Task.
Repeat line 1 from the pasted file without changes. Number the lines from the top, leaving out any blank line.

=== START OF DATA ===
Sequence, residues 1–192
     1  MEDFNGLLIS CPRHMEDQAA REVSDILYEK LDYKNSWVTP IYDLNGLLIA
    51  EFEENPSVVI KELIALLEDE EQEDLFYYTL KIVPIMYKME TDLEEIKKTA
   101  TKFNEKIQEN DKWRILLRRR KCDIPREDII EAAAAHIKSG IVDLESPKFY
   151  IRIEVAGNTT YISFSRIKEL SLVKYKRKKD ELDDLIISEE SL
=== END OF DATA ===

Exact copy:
Sequence, residues 1–192